Queensboro Bridge. Mile 15. Ah, the Queensboro Bridge. This is the one mile during the race where the only people around you are the other runners. Even though this is a challenging part of the race it was still one of my favorites. Use the quietness to your advantage and get ready for the wall of noise that is First Avenue.
Manhattan. Miles 16-19. I personally thought these mile didn't live up to the hype but I was also in a ton of pain at this point and anything involving running was pretty miserable to me. The spectators on First are unlike anywhere else though. I would advise against having friends and family spectate during these miles though. There are so many people that it can be hard to find exactly who you are looking for. Have them cheer you on somewhere quieter where you really need the support.
Bronx. 20-21. Like Queens, this is an often underrated part of the course. While the crowds are significantly smaller than First Avenue and even in Brooklyn, the Bronx really got out there last year and showed that they love the marathon just as much as the other boroughs.
Fifth Avenue. 22-24. These last two sections were my absolute favorite of the entire race. You are so close to the finish that you can almost taste it. These miles actually reminded me of the feeling I got just before entering Brooklyn. You know something really special is just ahead but you aren't quite there yet.
Central Park/Finish. 25-26.2. Running in and around Central Park was like a dream come true for me. Despite this being one of the most challenging parts of the course with the hills, it is certainly one of the most rewarding. It was during this part of the race that I truly felt like I was a part of something bigger than myself. Cheesy, yes. True? Also yes.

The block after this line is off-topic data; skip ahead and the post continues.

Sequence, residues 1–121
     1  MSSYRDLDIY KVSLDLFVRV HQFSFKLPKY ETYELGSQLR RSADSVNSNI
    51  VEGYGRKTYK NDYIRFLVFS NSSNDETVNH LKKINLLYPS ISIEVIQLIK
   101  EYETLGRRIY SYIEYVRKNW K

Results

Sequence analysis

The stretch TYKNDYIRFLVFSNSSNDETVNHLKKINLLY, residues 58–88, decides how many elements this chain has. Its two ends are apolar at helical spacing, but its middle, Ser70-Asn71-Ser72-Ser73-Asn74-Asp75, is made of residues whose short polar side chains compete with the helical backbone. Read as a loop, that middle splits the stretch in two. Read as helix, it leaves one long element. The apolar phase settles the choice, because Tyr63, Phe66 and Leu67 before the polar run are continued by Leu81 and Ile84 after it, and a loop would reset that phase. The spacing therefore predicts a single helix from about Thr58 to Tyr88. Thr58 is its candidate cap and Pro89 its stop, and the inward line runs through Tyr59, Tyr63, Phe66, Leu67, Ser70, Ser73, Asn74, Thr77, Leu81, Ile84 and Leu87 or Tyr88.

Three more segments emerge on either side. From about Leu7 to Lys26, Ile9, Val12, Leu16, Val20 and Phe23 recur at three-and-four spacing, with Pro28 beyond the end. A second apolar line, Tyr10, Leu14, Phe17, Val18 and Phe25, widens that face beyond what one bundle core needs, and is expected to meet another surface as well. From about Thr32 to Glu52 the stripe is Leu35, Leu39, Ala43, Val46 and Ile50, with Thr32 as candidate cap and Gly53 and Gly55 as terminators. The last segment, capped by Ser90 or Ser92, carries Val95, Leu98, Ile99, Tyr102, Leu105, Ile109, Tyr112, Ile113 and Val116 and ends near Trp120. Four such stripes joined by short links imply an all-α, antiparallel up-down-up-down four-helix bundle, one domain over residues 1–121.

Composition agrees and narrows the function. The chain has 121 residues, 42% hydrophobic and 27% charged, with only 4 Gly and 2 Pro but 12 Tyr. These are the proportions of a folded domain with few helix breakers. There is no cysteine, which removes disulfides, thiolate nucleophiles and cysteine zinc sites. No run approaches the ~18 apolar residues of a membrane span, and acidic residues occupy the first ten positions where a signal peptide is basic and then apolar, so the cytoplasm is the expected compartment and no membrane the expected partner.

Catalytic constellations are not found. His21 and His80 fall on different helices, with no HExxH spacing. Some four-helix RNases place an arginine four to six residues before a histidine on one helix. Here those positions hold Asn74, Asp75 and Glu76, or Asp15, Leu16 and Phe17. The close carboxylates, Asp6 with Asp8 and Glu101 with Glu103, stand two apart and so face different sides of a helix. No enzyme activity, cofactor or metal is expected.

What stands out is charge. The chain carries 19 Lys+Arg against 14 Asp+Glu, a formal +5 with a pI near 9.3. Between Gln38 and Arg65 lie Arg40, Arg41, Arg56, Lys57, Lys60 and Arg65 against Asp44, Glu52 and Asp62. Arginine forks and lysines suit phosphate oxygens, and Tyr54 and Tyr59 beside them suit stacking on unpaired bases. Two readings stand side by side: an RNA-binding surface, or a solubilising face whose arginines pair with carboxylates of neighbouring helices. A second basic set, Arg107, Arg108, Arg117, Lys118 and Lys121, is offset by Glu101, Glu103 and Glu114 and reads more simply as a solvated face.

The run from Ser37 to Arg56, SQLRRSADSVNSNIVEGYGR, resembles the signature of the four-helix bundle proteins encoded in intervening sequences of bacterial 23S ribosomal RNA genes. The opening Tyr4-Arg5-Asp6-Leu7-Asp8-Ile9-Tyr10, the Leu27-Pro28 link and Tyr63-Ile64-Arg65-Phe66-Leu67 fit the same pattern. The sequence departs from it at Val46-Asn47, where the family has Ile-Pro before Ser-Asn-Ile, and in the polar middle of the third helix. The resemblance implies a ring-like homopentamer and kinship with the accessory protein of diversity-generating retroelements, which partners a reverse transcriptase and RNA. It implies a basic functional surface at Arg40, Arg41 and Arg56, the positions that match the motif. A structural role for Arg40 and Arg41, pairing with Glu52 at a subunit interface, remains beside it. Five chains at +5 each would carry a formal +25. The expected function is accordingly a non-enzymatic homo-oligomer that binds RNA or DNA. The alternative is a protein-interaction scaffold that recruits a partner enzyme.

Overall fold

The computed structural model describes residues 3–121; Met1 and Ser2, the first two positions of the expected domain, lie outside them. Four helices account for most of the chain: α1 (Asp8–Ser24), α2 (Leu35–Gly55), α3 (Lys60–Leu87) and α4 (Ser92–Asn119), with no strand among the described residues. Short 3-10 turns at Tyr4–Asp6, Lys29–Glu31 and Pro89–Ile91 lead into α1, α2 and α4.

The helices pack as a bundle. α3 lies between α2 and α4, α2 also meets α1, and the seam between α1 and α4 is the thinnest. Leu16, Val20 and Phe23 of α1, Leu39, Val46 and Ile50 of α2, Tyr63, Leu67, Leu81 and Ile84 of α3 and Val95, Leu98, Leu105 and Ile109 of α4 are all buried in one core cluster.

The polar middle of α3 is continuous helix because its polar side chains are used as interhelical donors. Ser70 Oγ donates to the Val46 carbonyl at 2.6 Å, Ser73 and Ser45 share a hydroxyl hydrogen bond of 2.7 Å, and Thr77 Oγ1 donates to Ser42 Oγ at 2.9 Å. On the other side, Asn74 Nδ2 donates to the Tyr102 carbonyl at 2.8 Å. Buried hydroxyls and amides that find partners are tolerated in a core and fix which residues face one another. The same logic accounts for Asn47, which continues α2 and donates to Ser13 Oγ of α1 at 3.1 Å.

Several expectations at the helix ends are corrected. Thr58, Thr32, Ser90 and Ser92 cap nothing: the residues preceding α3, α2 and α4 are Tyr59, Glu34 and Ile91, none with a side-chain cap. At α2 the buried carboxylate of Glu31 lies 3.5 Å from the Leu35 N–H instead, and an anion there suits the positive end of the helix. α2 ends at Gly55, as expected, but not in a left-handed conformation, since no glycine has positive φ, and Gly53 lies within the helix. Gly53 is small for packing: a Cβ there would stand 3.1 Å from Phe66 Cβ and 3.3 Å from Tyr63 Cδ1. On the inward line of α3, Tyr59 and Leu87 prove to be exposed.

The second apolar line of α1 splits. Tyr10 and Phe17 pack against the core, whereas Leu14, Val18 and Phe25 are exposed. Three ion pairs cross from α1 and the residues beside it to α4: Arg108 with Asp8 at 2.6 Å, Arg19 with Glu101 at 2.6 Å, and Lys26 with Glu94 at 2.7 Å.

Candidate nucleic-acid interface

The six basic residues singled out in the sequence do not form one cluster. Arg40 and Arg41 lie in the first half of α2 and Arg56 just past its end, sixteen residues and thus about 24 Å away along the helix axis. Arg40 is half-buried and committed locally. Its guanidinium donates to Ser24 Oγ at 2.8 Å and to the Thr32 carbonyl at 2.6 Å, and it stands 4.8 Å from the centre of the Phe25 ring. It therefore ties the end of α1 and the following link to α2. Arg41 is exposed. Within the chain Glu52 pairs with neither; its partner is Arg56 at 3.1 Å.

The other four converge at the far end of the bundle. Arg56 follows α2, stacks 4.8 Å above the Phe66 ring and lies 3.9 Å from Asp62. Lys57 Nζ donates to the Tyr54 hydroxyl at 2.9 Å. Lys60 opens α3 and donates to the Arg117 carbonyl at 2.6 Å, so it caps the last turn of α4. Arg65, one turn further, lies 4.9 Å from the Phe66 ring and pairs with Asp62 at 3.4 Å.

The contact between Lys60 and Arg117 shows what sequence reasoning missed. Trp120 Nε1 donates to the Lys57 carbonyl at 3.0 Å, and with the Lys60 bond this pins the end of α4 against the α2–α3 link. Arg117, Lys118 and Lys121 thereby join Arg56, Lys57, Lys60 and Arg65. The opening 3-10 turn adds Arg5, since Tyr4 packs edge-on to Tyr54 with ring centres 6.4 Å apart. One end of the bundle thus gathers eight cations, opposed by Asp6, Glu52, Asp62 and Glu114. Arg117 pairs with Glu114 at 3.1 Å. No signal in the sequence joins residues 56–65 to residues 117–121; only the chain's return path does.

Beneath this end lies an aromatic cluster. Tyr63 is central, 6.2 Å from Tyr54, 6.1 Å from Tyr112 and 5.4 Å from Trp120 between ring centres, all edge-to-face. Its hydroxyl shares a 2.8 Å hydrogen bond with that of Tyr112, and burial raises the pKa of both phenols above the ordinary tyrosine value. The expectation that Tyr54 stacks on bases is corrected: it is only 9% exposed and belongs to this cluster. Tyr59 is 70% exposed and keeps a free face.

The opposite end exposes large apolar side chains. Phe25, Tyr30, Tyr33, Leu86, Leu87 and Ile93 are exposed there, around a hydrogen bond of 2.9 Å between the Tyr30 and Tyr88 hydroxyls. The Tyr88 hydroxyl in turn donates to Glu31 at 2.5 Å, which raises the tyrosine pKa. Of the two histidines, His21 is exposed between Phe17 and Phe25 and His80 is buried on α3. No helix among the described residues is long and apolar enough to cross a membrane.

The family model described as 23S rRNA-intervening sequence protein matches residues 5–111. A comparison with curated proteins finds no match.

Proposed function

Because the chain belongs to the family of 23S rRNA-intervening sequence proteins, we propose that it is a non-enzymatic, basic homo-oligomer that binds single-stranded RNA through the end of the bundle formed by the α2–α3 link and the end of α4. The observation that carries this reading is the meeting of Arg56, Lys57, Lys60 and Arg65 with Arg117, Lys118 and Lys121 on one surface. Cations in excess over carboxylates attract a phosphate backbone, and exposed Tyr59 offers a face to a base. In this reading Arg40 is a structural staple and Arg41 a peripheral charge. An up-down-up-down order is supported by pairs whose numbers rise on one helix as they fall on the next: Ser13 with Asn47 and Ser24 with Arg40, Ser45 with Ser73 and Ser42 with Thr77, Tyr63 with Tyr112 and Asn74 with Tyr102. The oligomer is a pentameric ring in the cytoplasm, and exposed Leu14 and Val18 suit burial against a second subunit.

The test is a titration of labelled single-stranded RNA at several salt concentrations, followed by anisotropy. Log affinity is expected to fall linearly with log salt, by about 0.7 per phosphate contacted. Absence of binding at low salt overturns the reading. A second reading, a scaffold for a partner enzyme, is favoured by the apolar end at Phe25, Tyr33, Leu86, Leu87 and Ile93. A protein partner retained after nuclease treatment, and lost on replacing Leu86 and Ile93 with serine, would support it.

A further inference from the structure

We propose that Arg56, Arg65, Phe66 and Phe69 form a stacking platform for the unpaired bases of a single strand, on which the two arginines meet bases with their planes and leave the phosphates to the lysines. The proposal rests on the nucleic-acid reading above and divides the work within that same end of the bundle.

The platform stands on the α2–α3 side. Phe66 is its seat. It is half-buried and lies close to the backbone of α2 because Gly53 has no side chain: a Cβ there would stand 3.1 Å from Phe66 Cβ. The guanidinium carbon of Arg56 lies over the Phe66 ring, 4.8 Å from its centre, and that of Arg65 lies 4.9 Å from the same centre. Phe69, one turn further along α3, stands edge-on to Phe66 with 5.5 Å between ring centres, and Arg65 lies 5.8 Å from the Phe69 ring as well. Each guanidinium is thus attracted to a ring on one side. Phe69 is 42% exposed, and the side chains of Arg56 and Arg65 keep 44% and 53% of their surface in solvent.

Leaving Central Park. Once you finish the race you get to spend an extra hour in Central Park waiting in line to leave. Unless you absolutely have to, opt-out of bag-check. It will get you out of the park considerably faster. Plus, if you chose not to check a bag last year you got a super warm fleece poncho to keep you warm.
Meeting up with family/friends. Near Central Park is an absolute mob house. It is swarming with runners, spectators, family members, personnel, cops, you name it. My dad and I discussed our meeting spot the night before the race and planned on meeting at a Chipotle two streets over. Yes, walking over there was a pain in my ass but I had no trouble whatsoever finding him. I did run with my cell phone, which is really handy for meeting up with people post race, but if you don't have your phone on you picking out a meeting spot is a must. Keep in mind that you will be walking almost a mile within the park so don't pick a spot across from the finish line. Minimize any extra walking you may have to do.
Monday morning. If you are able to stick around in New York an extra night, I recommend heading back over to Central Park on Monday morning to check out the finishers gear. Any extra gear from the expo is also for sale, plus you can get your medal engraved. The only downside is that there was a pretty long line last year so get there early.
Have a great Halloween and New York City Marathon weekend everyone!